When it comes to travel, you want the mystery to be in the destination – not your accommodation. We’ve compiled a few handy questions to ask before you book your next Airbnb, writes Nikki Wallman.
I love Airbnb. LOVE it. The service has become a game-changer for travellers, quite literally opening up new doors around the world by letting us ‘live like a local’ while on holiday. I’m not alone: some 45 million guests stayed in Airbnb listings around the world between 1 June 1 and 31 August.
One key attraction of Airbnb is its ‘X-factor’ – no cookie-cutter hotel experiences here. This, however, also means that it’s a little ‘open to interpretation’. For example, you might rock up to your lovely, Scandi-style Stockholm apartment with your jetlagged, sleep-averse baby only to find your bedroom is missing… a door. And you’re sharing the apartment with your parents, who enjoy things like sleeping in on holiday, and talking above whisper-level.
Some of the issues below might be covered in the guest manual or house rules – but not all guest manuals are created equal. Here are a few things I wish I’d asked on previous Airbnb adventures, proudly brought to you by the benefit of hindsight.
Because sometimes, despite your best intentions, you’re the problem (impromptu nightcap! Screaming baby with jetlag!) and you need a damage-control plan. Perhaps the neighbours just aren’t super-friendly, and it helps to be forewarned (think ‘wine bribe’, or just a friendly introduction). Maybe the new upstairs residents are noisy night owls. Your host may not be hugely forthcoming, but you could try steering a little – are they retirees? Uni students? Young family with kids? Then you can decide what you can work with.
Obviously, reviews are vital in ensuring transparency and accountability for Airbnb hosts and guests. But they can also hinge upon individual tastes, personal gripes, or the desire to maintain a positive vibe. So what should you do when you encounter a couple of negative reviews in a sea of otherwise positive feedback?
Sometimes, bad reviews happen because the host was (intentionally or otherwise) misleading. Maybe that guest had totally unrealistic expectations of the place (or the Airbnb experience). Sometimes, it’s about simple miscommunication. It’s worth giving your host the opportunity to explain further – they could still fudge it, of course, but it should give you a good steer.
Because knowing that your host got food poisoning from the takeaway joint next door last week; that ‘convenience store A’ is a rip-off, or that certain streets are a bit dodgy at night can be just as important as knowing which cafe does a killer eggs Benny.
If this issue is important to you, follow with: “Could you please leave instructions that would make sense to your own grandmother?” Let’s just say that travelling with a sports-obsessed bloke has taught me nothing makes the heart sink faster than a battalion of remote controls, an extremely complicated entertainment system, nonsensical instructions, and kick-off in 20 minutes.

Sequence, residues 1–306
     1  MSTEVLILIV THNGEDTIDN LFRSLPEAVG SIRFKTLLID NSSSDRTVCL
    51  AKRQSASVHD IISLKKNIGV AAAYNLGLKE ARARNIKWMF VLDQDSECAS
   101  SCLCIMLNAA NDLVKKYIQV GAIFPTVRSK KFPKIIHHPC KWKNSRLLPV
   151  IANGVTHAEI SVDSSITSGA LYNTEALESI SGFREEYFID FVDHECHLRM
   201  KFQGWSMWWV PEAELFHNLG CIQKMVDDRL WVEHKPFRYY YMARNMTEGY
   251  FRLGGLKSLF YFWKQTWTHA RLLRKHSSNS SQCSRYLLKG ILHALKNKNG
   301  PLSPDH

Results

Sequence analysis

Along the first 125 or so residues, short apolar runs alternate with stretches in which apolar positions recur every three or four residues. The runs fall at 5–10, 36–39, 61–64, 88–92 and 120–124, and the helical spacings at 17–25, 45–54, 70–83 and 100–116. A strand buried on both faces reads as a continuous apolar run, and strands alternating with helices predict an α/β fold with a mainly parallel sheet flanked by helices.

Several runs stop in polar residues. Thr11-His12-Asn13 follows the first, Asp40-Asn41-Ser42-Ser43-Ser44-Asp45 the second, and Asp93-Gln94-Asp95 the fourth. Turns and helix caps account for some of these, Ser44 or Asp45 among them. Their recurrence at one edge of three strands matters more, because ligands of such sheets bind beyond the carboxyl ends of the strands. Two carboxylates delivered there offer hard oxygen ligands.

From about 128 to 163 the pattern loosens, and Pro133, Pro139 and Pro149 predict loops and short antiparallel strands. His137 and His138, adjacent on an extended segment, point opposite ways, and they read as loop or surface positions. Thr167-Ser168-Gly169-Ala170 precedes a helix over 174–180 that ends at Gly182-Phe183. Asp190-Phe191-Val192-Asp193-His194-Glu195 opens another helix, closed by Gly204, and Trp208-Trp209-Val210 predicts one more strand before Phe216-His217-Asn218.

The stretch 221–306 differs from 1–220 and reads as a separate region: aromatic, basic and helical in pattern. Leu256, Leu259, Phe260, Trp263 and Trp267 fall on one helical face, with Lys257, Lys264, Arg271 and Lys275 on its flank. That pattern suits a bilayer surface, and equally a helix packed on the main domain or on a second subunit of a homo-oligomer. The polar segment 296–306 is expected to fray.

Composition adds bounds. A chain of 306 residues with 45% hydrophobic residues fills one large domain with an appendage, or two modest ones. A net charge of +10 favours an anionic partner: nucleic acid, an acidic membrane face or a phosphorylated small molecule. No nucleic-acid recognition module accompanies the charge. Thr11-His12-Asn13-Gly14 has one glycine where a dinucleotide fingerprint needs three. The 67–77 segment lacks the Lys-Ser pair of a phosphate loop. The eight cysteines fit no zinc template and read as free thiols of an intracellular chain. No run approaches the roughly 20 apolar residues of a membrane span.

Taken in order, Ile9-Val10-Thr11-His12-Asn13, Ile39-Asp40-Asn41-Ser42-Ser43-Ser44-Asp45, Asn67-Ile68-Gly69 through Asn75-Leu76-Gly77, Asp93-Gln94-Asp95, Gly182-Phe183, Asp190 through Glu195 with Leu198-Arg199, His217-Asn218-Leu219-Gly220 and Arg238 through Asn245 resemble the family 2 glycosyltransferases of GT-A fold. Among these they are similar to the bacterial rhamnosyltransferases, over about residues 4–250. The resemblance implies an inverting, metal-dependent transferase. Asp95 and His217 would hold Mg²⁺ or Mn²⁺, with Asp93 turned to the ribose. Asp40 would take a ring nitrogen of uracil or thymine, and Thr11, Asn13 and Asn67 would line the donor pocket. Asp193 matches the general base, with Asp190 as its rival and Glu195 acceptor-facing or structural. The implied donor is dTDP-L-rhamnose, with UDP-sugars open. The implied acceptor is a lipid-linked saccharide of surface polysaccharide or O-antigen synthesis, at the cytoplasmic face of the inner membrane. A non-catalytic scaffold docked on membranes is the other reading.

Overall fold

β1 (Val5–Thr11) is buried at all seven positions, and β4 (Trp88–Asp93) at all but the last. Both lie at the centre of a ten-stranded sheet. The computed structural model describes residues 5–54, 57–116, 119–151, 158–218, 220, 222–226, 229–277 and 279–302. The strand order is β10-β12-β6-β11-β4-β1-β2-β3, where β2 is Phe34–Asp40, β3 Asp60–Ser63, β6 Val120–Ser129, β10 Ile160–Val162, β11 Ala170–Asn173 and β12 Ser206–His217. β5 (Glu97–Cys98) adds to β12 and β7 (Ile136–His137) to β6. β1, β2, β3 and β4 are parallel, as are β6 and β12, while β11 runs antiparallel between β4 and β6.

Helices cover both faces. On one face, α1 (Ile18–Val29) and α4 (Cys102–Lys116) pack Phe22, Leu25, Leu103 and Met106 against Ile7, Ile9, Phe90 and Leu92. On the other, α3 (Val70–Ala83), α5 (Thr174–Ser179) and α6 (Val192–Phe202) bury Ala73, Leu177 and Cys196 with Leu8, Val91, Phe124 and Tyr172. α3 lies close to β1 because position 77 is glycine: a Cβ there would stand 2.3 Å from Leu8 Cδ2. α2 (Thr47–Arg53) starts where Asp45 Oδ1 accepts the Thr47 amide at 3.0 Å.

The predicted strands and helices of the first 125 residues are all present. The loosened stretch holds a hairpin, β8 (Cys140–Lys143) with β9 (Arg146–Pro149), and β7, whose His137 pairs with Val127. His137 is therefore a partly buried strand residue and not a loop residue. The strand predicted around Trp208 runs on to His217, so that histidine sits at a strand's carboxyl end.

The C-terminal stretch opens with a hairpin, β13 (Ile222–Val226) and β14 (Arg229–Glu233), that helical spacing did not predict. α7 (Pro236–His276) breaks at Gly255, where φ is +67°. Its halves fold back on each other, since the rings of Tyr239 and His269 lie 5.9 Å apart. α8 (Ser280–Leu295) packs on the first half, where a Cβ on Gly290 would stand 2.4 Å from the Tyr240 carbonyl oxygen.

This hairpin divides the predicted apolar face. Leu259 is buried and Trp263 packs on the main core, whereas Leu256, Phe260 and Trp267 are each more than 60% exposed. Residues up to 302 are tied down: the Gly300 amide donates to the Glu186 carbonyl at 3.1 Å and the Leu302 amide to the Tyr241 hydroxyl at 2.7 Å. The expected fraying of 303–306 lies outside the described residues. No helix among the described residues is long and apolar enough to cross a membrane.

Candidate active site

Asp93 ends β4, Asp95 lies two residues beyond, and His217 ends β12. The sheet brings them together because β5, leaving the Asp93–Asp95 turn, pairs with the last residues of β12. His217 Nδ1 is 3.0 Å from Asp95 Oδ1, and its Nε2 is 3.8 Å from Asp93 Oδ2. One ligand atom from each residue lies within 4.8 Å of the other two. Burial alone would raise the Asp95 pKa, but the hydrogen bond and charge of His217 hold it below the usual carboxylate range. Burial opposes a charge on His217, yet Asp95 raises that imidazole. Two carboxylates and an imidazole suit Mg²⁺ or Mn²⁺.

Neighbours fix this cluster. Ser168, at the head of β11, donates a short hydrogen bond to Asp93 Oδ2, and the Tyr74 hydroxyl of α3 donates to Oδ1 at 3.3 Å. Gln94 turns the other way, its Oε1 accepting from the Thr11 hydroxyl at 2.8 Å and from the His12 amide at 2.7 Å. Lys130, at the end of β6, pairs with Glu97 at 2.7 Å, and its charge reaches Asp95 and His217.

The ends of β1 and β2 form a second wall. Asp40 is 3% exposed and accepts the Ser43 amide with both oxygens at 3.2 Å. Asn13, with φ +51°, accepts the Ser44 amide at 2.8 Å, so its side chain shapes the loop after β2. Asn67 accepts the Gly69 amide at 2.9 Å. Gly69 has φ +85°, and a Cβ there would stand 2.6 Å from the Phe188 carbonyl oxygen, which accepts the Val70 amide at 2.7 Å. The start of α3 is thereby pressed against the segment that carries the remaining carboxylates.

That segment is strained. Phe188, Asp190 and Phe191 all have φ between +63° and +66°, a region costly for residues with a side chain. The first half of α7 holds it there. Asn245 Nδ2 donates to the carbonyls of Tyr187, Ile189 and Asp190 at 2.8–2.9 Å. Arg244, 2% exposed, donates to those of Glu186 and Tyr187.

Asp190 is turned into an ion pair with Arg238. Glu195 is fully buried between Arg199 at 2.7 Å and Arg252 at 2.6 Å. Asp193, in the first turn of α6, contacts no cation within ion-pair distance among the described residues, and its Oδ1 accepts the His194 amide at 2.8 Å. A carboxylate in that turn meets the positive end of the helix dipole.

In terms of safety, think stairs without child gates; balconies with sub-par railings; unfenced pools; a location on the gazillionth floor without a lift (prams + stairs = major pain). Then there are the minor things – like the beautiful Danish apartment described as ‘bright’, not least, we discovered, because there were no window coverings in our bedroom (thank God for the black-out shade we packed for the baby). Ask about anything that’s a deal-breaker for you.
Thus allowing you to split up and explore without being beholden to one person letting the other/s in (unless they have a keypad lock, in which case = winning).
Handy for when you arrive late at night after a hellish journey and realise you’re absolutely starving, only to be faced with the fresh hell of not knowing what you’re welcome to. Or, worse – consuming something, thinking you can easily replace it, only to discover that you cannot for the life of you find that cereal/wine/gourmet dip anywhere.
Location/transport: What’s the ‘real-time’ travel like from the host’s place to the areas you’ll be wanting to explore? ‘Walking distance’ can mean different things to different people; there may be dodgy areas it’s better to circumvent; or, even though it looks straightforward on a map, your trip into the city centre may involve three modes of transport.
Reviews: Definitely worth reading, but not always gospel. You should get a good feel for the place and the host, however; and if you’re risk-averse, stick to places with plenty of (positive) reviews and ‘superhosts’, as opposed to newbies.
Your rights/the rules: We’ve all read horror stories about Airbnb where unsuspecting travellers have found themselves in awkward if not dangerous or expensive situations, so it pays to know your rights before you book. Airbnb provides comprehensive guidelines on its site for everything from standards and expectations to non-discrimination and cancellation policies. It also pays to familiarise yourself with the legalities around renting an Airbnb property in the city/state you’re travelling to – New York City, for example, recently implemented fines for hosts letting out their apartments for less than 30 days (with some exceptions); and other cities require hosts to register or obtain a permit or licence before accepting guests (it’s worth asking your host if they’ve obtained necessary permissions, if this is the case). While it’s the host who’ll be fined, guests might find themselves scrambling for alternative accommodation at short notice.